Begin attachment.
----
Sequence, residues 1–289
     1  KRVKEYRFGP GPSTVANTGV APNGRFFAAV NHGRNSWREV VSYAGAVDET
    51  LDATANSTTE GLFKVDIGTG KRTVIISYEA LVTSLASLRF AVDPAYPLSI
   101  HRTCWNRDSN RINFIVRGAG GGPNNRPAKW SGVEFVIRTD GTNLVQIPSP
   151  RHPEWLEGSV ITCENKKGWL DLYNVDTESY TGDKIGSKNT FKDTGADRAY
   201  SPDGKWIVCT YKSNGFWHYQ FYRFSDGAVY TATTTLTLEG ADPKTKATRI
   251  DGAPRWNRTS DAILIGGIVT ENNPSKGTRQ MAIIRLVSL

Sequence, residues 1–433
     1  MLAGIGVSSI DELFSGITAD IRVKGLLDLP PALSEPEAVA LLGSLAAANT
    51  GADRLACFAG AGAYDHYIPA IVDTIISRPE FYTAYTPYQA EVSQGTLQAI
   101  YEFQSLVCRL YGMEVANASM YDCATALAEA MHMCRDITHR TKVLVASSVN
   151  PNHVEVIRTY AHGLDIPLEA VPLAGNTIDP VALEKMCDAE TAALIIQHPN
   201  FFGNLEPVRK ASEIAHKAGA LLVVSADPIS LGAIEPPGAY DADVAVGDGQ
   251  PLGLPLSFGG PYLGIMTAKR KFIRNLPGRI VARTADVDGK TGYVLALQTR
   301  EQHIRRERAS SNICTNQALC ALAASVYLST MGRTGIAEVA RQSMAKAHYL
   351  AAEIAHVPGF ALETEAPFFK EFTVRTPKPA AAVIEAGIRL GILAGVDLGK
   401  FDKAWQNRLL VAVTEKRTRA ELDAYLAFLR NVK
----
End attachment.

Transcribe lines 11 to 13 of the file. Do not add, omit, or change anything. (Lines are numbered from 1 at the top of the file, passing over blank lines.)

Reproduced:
   101  YEFQSLVCRL YGMEVANASM YDCATALAEA MHMCRDITHR TKVLVASSVN
   151  PNHVEVIRTY AHGLDIPLEA VPLAGNTIDP VALEKMCDAE TAALIIQHPN
   201  FFGNLEPVRK ASEIAHKAGA LLVVSADPIS LGAIEPPGAY DADVAVGDGQ